Thursday, 20 March 2014

Leap Frog Maths!





My 11 year old has seen all the hands on, tactile learning I have been doing with her younger sisters and asked if I could think of something for her too.  So I did. 
 
I thought of the game Frog.  A common logic puzzle that is great for Maths.
 
This post will not only show you how to make and play Frog but also how to turn it into a FUN algebra game. 
 
Fun and algebra in the same sentence might sound like an oxymoron to you but I think it's fun and so did my girls, even Honi, my 6 year old, had a bit of a go at the puzzle!
 
How do you make one? It's quite simple.  All you need is:

  • Some cardboard - cereal box cardboard is perfect
  • A pencil and some colouring pens
  • A Penny
  • A pair of scissors
 
STEP ONE
 
First you will need to draw round your penny twelve times.  This is to make the frog counters!
 
STEP TWO
 
Colour six of your circles, what will be the frog counters, green and colour the other six red. 
 
TIP:You can choose different colours but it is important that half are one colour and the other half a different colour. 
 
STEP THREE
 
Carefully cut out all twelve counters!
STEP FOUR
 
Next you will need to make your board.  You will need a piece of cardboard that is at least 45cm long and about 5cm wide. 
 
 

 
To make our longer boards we cut out two strips from our cereal box (as in the photo) and then stuck it together with sticky tape!
 
STEP FIVE
 
Draw a pencil line down the middle of your board like in the photo on STEP FOUR.
STEP SIX
 
Find the centre of the length of your strip.  Mark it.
 
STEP SEVEN
 
On the centre mark use your penny as a stencil and draw round it so the halfway mark is in the centre of the circle when you lift your penny off.
 

 
 
STEP EIGHT
 
From the centre mark measure along the line you made and mark off 3cm increments like in the photo directly above.
 
STEP NINE
 
On each of these dots draw round a penny like you did with the central point and work outwards so you have something like this.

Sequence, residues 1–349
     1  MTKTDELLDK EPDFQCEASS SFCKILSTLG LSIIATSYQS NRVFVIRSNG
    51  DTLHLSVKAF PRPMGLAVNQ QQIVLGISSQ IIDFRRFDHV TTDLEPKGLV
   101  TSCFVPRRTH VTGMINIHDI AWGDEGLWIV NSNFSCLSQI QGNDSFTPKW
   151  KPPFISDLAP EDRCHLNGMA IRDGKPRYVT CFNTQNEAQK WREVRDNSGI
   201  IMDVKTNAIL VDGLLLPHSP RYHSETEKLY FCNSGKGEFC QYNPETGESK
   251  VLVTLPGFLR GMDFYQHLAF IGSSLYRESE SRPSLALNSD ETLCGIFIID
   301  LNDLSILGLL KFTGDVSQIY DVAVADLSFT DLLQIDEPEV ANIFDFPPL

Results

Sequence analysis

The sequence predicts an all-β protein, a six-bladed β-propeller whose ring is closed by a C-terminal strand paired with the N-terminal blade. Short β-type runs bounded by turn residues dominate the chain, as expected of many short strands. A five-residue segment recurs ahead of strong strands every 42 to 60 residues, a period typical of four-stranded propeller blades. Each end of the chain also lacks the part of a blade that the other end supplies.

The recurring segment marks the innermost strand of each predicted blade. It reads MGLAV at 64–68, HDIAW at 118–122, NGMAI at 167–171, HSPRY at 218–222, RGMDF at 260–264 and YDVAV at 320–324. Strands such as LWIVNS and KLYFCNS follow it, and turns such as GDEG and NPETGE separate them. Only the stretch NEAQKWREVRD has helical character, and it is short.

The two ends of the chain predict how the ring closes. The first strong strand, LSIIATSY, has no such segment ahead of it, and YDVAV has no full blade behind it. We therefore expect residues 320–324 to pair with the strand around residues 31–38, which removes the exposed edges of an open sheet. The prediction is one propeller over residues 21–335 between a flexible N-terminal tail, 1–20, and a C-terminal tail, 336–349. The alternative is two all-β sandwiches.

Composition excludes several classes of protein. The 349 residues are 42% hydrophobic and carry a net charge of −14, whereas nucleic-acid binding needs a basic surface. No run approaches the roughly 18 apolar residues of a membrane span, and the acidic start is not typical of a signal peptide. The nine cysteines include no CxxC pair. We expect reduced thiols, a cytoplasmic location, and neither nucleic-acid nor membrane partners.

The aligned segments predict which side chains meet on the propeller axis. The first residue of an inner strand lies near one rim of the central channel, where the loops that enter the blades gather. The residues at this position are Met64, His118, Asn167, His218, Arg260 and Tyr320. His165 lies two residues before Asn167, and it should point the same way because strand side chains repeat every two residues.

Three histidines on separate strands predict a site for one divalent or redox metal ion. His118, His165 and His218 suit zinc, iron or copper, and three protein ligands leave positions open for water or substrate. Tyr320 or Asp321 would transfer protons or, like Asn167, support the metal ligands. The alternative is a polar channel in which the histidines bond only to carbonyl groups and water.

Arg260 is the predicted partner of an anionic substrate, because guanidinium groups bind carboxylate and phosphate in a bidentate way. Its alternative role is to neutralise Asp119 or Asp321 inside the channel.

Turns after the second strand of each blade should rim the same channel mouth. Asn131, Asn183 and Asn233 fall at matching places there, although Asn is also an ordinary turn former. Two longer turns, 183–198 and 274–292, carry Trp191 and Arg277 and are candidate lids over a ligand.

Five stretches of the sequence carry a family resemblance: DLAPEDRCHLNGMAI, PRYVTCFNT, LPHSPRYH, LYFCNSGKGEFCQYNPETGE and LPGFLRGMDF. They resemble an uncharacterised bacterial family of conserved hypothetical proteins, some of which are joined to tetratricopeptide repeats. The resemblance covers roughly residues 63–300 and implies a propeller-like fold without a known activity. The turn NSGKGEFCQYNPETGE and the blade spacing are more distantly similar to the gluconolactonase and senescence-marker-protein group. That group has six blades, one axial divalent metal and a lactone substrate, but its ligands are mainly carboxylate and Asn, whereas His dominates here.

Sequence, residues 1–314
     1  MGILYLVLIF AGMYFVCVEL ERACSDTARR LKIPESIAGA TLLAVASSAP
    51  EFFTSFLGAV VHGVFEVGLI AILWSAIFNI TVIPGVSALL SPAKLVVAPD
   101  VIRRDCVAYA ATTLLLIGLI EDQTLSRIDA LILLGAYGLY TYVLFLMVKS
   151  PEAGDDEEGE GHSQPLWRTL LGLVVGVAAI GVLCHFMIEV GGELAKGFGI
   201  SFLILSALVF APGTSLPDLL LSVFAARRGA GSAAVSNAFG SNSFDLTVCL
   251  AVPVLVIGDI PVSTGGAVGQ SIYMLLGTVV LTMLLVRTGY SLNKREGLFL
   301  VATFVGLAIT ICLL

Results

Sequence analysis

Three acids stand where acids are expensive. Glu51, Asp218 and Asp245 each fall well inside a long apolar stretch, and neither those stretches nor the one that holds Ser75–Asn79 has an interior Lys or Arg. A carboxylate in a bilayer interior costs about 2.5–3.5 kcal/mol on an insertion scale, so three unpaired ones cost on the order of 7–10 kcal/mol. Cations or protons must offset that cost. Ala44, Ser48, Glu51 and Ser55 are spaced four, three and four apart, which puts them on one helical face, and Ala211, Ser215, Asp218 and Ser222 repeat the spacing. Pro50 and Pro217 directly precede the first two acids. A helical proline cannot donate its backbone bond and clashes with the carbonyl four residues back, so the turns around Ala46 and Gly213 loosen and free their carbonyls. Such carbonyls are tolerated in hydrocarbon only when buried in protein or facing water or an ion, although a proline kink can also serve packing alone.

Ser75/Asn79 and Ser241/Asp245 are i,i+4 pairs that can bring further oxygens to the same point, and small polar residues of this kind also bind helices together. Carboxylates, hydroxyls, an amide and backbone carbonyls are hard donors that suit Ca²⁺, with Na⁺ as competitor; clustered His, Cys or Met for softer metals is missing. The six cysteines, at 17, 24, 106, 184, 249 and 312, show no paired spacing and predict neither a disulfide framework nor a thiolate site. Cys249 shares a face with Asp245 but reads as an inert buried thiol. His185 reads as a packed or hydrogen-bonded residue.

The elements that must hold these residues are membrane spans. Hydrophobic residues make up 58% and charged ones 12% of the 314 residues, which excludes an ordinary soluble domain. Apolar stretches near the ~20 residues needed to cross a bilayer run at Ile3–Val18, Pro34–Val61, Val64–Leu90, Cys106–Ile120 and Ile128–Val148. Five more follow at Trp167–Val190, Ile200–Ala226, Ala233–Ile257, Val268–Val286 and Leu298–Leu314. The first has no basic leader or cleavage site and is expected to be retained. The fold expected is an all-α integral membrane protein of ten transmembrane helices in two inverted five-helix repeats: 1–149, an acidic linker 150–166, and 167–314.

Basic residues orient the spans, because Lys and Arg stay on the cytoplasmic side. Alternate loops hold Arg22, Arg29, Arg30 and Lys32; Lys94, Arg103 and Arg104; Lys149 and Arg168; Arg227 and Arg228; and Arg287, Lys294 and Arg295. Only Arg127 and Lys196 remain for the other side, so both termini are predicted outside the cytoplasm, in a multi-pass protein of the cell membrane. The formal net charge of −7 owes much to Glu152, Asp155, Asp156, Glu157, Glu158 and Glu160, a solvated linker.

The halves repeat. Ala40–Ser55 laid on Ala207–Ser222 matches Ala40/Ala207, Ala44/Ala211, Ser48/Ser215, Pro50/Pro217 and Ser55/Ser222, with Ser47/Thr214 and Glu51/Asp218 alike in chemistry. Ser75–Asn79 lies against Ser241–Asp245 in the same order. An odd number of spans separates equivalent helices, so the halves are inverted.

That will eventually leave you with 13 round circles.  You can make it longer if you want to but we did 6 frogs a side for our board.


 
Now you are ready to play!
 
The aim of the game:  To move all the red frogs to where the green frogs start and all the green frogs to where the red frogs are.
 
The rules of the game:
 
  • Frogs can only move in one direction - THEY CANNOT MOVE BACKWARDS
  • A frog can jump forward one square or leap over one frog
 
That's it.  Can you solve the logic puzzle?
if you want to know how to solve this puzzle there is a video at the end of this post.
 
MORE MATHS...
 
But we can do more maths, algebra infact, and still keep it fun.  Here is how we used our Leap Frog game...
 
First we made a table... 



Number of frogs either side


How many moves to solve the puzzle


2





3

 


4

 


5

 


6

 


n

 


 
 
Then when we had completed the table from 2 to 6 frogs, by playing the game with the appropriate amount of frogs either side, we did some algebra!
 
I only did this next part with my 11 year old who is very confident at maths, she enjoyed seeing that where there are patterns there is algebra. 
 
I asked her to find the nth term.  To make an equation that would allow her to quickly work out how many moves it would take to solve this puzzle without actually doing the puzzle.
 
If you would like to know the answer, the algebraic equation, then continue to the end, if not careful not to PEEK!
 
If you are doing this with children with less confidence in maths, you may want to just do three frogs either side and let them build up.  There is no rush it's not a race but the algebra is there for when they are ready.
 
If you want to see how to complete the Leap Frog puzzle correctly here is the answer...
 
 
 
 
 
The answer to the algebra question is... (you'll have to scroll if you want to know)
 
 
 
 
 
 
 
 
 
 
 
 
 
 
 
 
 
 
 
 
 
 
 
 
 
 
(n squared) + (2 x n)

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